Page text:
Dear Dr. Wes & Kelly: There’s no graceful way to say it, so I’m just going to be blunt; I am a transgendered individual. I started dating this great guy about a couple months ago. We’ve been taking it really slow, only kissing and holding hands, but things are steaming up. The only thing is that I’m pre-operation, and my boyfriend doesn’t know that I’m transgendered. I haven’t told him yet because he is from a conservative Christian background, and I’m his first girlfriend. I’m worried that he won’t accept me for who I am, and that I may scare him off from dating completely. Please help me. Should I dump him to save him from the shock or tell him the truth about me and hope he’ll want to continue our relationship?
Wes: I believe you are sincere in your desire to work this out so that no one gets hurt, and I’m certain you’re going through tremendous agony over how to proceed. However, your decision to pursue this relationship without full disclosure is unethical, and you should not have allowed it to get this far. At this point, it’s hard to imagine either scenario you propose leaving anyone’s feelings and emotional health intact.
If you’ve read this column over the years, you know that we’ve discussed ethical conduct among gay and straight clients, adults and teens, guys and girls. So this advice is not about your sexual orientation. It’s about honesty and integrity in human relationships.
Your decision to withhold this key information from someone you are becoming intimate with is a blatant failure to afford your partner what we refer to as “informed consent” — the ability to make a decision about something with all the information at hand. As a psychologist, I understand that you experience yourself as female and operate from that emotional and psychological perspective. While many readers will find that hard to accept, I’d ask that we save that discussion for another day and focus instead on how your partner sees you. He has no idea that you are not biologically female, and you have not seen fit to share that information with him. Doing so is frightening, and you are quite likely to face rejection. But to avoid making a decision is to make a decision, and in this case you are not just making that decision for yourself, you’re unfairly making it for someone else. You’ve also made it knowing that this relationship will alienate your partner from his family and his faith, even if he were to accept you as psychologically female.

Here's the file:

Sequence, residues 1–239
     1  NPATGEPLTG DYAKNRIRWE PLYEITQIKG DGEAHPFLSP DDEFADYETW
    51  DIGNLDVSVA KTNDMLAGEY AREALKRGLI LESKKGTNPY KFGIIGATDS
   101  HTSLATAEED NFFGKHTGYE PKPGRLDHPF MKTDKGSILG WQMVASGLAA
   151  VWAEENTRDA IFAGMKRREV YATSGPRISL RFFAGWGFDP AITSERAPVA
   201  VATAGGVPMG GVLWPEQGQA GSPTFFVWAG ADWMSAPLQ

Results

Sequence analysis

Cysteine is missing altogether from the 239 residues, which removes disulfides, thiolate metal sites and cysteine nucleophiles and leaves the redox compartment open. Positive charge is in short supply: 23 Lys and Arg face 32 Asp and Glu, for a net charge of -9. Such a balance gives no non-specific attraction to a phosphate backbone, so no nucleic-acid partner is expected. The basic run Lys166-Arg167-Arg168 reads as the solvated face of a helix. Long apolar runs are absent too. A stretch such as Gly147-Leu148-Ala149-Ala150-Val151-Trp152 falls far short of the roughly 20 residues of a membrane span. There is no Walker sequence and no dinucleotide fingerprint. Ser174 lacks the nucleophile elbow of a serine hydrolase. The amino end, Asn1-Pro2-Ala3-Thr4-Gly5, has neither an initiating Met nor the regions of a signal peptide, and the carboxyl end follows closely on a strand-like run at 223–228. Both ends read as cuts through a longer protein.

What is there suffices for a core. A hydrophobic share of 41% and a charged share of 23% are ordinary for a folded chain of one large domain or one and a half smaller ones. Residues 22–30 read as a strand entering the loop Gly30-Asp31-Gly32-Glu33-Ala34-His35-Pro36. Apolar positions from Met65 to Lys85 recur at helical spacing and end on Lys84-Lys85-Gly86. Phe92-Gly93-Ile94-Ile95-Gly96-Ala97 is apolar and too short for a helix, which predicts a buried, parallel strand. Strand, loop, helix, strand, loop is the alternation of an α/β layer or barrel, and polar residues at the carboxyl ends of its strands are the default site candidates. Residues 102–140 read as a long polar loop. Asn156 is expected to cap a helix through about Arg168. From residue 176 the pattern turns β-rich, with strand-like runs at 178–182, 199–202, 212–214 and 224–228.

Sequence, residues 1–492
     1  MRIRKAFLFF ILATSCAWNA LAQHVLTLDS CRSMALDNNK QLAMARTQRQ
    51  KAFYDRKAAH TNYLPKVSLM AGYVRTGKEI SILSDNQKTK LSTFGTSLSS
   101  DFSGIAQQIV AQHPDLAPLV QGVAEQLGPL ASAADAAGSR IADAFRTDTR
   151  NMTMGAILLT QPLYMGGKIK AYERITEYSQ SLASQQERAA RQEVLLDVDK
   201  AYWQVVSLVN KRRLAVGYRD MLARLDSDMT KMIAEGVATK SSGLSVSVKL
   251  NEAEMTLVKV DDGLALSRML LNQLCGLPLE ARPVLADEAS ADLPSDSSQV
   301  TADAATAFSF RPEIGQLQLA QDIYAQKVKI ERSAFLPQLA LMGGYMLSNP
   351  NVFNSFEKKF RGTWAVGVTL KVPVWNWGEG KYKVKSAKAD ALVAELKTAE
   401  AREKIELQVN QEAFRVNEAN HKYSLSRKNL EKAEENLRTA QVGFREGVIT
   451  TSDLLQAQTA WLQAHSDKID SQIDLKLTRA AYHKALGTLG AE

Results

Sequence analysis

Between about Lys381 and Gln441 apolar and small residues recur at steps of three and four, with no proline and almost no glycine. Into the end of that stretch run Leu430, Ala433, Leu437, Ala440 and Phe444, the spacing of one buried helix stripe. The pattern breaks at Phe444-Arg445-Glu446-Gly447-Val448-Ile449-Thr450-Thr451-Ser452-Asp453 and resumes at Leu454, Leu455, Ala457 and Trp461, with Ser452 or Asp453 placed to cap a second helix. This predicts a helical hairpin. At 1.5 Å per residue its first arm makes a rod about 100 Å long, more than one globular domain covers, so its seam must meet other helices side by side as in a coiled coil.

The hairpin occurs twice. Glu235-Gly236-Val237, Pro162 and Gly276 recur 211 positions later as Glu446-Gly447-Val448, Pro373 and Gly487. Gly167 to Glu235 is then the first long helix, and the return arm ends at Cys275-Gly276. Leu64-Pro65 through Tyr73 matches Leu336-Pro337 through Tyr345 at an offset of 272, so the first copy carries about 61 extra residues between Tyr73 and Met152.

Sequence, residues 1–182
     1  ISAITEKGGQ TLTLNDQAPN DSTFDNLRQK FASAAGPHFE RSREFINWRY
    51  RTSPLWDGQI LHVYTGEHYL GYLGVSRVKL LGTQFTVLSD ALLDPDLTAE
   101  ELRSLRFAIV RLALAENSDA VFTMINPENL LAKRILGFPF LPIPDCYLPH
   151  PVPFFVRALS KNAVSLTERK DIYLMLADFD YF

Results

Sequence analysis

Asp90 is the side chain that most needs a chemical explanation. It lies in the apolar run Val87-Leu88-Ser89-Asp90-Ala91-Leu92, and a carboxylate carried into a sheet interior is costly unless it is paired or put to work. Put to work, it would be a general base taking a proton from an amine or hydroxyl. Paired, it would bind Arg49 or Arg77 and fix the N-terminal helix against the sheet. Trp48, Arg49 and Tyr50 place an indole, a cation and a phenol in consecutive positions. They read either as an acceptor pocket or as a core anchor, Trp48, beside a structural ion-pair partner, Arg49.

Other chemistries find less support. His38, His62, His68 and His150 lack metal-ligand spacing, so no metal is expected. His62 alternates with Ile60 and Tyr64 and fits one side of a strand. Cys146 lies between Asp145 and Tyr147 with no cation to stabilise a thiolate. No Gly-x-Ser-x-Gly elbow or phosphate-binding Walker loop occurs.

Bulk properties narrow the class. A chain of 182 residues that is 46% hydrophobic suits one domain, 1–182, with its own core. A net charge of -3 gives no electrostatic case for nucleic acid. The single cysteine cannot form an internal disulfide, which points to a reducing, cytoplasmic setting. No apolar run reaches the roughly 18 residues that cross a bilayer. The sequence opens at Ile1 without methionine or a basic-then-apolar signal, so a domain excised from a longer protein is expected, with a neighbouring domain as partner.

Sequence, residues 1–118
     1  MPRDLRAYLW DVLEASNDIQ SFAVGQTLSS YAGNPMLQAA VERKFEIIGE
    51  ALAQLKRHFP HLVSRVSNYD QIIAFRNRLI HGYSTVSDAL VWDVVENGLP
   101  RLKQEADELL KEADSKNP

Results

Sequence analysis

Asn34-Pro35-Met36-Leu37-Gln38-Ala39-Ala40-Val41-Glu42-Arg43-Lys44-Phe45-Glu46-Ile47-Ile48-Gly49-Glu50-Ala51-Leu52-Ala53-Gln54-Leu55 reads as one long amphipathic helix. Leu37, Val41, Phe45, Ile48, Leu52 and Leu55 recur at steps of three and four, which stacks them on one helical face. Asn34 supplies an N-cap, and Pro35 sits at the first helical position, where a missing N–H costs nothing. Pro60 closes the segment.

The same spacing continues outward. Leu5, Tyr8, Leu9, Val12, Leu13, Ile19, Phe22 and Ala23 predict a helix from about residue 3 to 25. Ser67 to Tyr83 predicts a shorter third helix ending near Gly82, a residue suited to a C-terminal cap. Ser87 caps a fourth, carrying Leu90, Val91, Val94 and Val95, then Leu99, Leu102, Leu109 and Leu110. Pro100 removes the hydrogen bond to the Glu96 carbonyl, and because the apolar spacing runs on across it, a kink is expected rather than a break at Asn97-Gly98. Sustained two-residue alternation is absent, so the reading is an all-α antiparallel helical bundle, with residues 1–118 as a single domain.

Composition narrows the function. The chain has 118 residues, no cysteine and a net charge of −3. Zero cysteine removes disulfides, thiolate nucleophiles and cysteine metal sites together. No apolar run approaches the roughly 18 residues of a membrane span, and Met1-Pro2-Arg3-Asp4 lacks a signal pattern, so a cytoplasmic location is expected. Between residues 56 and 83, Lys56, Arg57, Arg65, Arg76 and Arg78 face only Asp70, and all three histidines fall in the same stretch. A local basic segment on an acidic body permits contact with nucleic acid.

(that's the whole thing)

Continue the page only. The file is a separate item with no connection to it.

You’ve really placed yourself in a serious dilemma, and I’d strongly encourage you to pursue a therapy relationship to help sort out how you got here and how to avoid it in the future. In the meantime, I would argue that every relationship goes from where it starts, and this one has started badly. Your best bet is to either break off the relationship and simply explain that you’ve had a change of heart, or break it off and tell him the truth in the process — along with the most serious of apologies. I don’t know this guy, so I’m concerned about your safety and his psychological health if you share all. However, only you can decide which is the wise choice. What you cannot do is continue as you have been — lying by omission.
Kelly: When people come to me about relationship advice, I always feel as though I give everyone the same answer. However, the more I continue to think about it, the more I realize how quickly and simply the answer brings about change. No matter what type of relationship it is, similar problems seem to revolve around the lack of honesty and communication.
The transition you’re seeking is one that does impose personal barriers, some of which could be easily avoided while others can’t. If you wish to continue the relationship with this guy, then you obviously must tell him the truth. He will either accept you for who you are, or things could go badly.
Wes is right. From the beginning of your relationship, you should have been honest with your boyfriend. You would certainly expect the same. Somewhere during this relationship, there was surely a moment when you could have confided in him. I know this is a big bombshell to drop on someone, but yet again honesty is essential. Even if you are fearful of the outcome, it’s better to be true to yourself.
I know for you this is a particularly hard decision to make. But the barriers that we face are ones that we learn and grow from. If you want to maintain a relationship with your boyfriend, then you need to tell him. He will either accept it, or not. If he doesn’t, it won’t be the end of the world. There is someone out there who will accept you for who you are. If you decide to break it off without telling him why, you will never have that closure. Yet there may or not be long term consequences, everyone’s situation is different. The ball is now in your court. But remember, during this time it’s important to be true to yourself and others. You shouldn’t have to try to hide who you are.
Next week: My boyfriend has ADD. How do I deal with him?
— Dr. Wes Crenshaw is a board-certified family psychologist and director of the Family Therapy Institute Midwest. Kelly Kelin is a senior at Free State High School. Opinions and advice given here are not meant as a substitute for psychological evaluation or therapy services. Send your questions about adolescent issues (limited to 200 words) to firstname.lastname@example.org. All correspondence is strictly confidential.